The empire is rising.
In what was nothing short of a whirlwind year, the Hudson’s Bay Co. in 2015 bought German department store chain Galeria Kaufhof, launched a $250 million three-year renovation of the Saks Fifth Avenue flagship, underwent a string of high-level executive shifts, and in a lighter moment, Lord & Taylor received industry honors for its Christmas windows.
According to HBC’s governor and executive chairman Richard Baker, the Kaufhof deal marked the creation of a “global platform” for expansion, including potentially bringing Saks Fifth Avenue and Saks Off 5th to the European market, and further retail purchases. It also demonstrated Baker’s flair for creative financing by funding the $2.72 billion Kaufhof acquisition through real estate selloffs and joint ventures. Kaufhof increases the buying power of HBC, and enables HBC’s European and American retail operations to share brands they didn’t sell before and work together to boost private label penetration. Kaufhof, with about $3.5 billion in sales, lifted HBC to $10.5 billion in revenues, surpassing Neiman’s and approaching Nordstrom in volume.
On the executive front, Jerry Storch, formerly of Toys ‘R’ Us and Target, became HBC’s chief executive officer, freeing up Baker to concentrate more on international expansion, acquisitions and real estate, and less on day-to-day operational activities now in the hands of Storch.
Marc Metrick became president of Saks Fifth Avenue, succeeding Marigay McKee and Don Watros, the latter who was president of the company, became president of the group’s new international unit to identify and launch international businesses and operate them. Baker has made no secret of the fact that he wants additional retail acquisitions and has been scouting Europe. He’s also had his eye on the Neiman Marcus Group for years.
Considering the flamboyant character of Baker, the never-sit-still culture he’s instilled in the organization and retailing’s intensifying war for market share, look for further pivotal developments at HBC in the years ahead. Here’s some of what will happen in 2016:
• The Saks Fifth Avenue and Lord & Taylor divisions will relocate their headquarters to Brookfield Place in lower Manhattan, the complex where Saks is opening separate women’s and men’s stores.
• Saks Fifth Avenue and Saks Off 5th will march into Canada with their first stores.
• The three-year $250 million overhaul of the Saks Fifth Avenue flagship will progress.
• Investments continue in the Kaufhof business and for pumping up the department store’s merchandise matrix.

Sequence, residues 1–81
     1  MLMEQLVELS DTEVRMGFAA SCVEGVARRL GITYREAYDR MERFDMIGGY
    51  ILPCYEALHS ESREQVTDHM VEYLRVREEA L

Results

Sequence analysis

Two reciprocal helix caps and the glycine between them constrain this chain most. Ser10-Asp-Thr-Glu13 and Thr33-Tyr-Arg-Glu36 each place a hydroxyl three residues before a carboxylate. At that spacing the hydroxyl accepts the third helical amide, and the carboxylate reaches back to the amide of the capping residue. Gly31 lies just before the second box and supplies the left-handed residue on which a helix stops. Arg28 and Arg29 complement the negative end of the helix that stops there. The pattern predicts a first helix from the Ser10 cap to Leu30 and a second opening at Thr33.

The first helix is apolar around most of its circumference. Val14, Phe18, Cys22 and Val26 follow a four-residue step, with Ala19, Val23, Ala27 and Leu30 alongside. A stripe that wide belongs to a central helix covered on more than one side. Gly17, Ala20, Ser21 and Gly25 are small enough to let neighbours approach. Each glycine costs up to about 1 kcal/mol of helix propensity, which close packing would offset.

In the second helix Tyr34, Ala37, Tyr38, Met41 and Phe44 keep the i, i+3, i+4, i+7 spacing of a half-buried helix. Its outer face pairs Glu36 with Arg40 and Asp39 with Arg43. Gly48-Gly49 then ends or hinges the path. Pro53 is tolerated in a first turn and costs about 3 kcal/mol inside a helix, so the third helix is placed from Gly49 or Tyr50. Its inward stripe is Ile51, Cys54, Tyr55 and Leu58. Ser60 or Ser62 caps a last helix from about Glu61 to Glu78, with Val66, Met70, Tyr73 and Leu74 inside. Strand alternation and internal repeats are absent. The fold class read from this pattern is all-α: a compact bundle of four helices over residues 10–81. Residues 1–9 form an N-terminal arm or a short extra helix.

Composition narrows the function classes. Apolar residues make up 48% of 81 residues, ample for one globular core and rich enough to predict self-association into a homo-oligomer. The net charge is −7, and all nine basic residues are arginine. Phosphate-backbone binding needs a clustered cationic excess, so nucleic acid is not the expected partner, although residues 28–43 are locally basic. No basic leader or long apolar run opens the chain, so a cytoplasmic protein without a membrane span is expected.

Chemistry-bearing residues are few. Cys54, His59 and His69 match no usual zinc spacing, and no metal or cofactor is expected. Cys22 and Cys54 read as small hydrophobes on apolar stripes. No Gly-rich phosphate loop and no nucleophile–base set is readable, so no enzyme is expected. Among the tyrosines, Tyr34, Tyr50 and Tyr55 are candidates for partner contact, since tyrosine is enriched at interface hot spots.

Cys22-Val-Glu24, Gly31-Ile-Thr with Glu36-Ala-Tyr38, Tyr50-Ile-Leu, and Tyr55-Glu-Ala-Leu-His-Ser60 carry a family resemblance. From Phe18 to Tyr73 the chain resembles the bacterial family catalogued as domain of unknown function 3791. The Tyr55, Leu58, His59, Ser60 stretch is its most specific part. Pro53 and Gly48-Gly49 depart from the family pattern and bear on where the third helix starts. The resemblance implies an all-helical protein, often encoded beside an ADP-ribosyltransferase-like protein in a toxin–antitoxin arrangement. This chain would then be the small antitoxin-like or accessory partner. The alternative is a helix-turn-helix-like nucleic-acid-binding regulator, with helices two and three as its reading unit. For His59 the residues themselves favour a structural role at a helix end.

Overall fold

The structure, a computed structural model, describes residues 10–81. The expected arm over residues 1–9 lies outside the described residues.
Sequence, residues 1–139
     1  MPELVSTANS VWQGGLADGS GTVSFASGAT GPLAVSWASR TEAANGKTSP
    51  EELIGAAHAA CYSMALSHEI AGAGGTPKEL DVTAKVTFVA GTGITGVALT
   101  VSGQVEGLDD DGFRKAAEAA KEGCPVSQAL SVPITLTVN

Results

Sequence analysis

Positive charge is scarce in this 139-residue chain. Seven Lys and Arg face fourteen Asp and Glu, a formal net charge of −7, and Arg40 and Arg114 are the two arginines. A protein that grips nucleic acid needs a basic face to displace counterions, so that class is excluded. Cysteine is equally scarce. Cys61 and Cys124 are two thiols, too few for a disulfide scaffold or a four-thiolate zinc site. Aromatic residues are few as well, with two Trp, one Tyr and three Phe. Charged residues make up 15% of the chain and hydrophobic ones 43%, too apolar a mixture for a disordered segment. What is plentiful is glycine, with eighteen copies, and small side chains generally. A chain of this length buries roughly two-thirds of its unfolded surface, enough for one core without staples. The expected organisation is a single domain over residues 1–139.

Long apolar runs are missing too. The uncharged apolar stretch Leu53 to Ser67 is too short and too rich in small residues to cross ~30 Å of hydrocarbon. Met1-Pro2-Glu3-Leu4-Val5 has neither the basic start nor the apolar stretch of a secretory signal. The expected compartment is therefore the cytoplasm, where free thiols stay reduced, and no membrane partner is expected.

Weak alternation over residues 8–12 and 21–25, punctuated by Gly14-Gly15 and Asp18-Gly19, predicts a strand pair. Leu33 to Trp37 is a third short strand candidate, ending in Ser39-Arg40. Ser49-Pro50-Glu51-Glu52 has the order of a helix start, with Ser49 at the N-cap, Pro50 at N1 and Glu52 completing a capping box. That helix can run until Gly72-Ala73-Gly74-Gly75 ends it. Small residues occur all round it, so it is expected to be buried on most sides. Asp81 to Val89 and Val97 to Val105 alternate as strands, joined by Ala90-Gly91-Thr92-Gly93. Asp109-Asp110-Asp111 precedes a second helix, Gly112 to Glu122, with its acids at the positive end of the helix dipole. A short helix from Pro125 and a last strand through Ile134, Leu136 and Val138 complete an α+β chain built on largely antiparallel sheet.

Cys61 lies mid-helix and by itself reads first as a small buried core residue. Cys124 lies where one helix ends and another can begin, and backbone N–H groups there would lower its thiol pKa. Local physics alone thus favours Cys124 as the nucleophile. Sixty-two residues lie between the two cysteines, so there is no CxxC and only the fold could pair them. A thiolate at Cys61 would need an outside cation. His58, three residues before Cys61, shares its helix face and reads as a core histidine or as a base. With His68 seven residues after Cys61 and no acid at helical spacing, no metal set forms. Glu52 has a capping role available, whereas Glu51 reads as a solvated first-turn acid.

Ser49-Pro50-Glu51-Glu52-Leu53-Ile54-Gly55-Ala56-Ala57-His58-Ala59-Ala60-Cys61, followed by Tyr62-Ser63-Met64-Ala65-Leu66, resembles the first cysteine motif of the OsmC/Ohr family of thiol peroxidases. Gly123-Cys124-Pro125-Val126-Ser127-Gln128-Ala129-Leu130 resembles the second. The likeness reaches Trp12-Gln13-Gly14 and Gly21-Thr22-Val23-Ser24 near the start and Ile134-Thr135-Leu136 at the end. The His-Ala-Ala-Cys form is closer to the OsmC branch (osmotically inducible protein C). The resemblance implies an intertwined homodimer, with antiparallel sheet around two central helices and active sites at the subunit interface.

The Saks Fifth Avenue project defies industry convention by moving beauty to the second floor, remaking the main floor for handbags and accessories and punching a big hole in the center of the main floor to create a glass-enclosed elevator with a grand spiral staircase wrapping around it to transport shoppers from the basement, which will house “The Vault” for fine jewelry, to the second floor. Saks will also re-create the famous L’Avenue restaurant in Paris, on its ninth floor. Metrick says the idea is to “de-departmentalize” the department store to reflect the way consumers shop today.
“We continue to transform as a company,” Storch said. “It is in our culture to change rapidly. We have three parts to our strategy: growing great retail banners, mergers and acquisitions of new banners and unlocking the value of our real estate. We have made progress in all three of those dimensions over the last year.” The M&A activity continued to the very end of the year. On Monday, there were reports that HBC was close to buying Gilt Groupe for about $250 million.
In the third quarter, the company swung from a loss to a profit. Net earnings reached $1 million in the quarter ended Oct. 31, compared to a net loss of $13 million in the year-ago period. On a constant currency basis, there was a consolidated same-store sales increase of 2 percent, with the department store group generating a 5.1 percent gain, while Saks Fifth Avenue saw a same-store sales decrease of 3.6 percent. Saks Off 5th posted a same-store sales increase of 2.8 percent, and Galeria Kaufhof in Germany showed a 6.6 percent same-store sales increase for the one month of ownership. On the digital side of the business, where HBC has been investing heavily, sales rose 23.9 percent on a constant currency basis.
Storch said the company delivered “solid results and continued to work on integrations” to save money and grow profits. “Meanwhile, we continue to drive our Internet business and grow it at double-digit rates. We also continue to expand our off-price business. Retailers need to change rapidly and evolve fast to thrive. It is imperative in this era.”
In a footnote to the year, for its holiday windows on Fifth Avenue, Lord & Taylor was named “Platinum recipient” of Design:Retail Magazine’s Winning Windows award. L&T created an awning of greenery and twinkling lights above the sidewalk in front of the store, and four animated scenes for the windows: an oversize Victorian gingerbread house held aloft by dozens of dancing gingerbread men; an ornate mansion with 24 windows counting down the days to Christmas; a large cuckoo clock, and the “Sweets Shoppe” inspired by a Parisian bakery.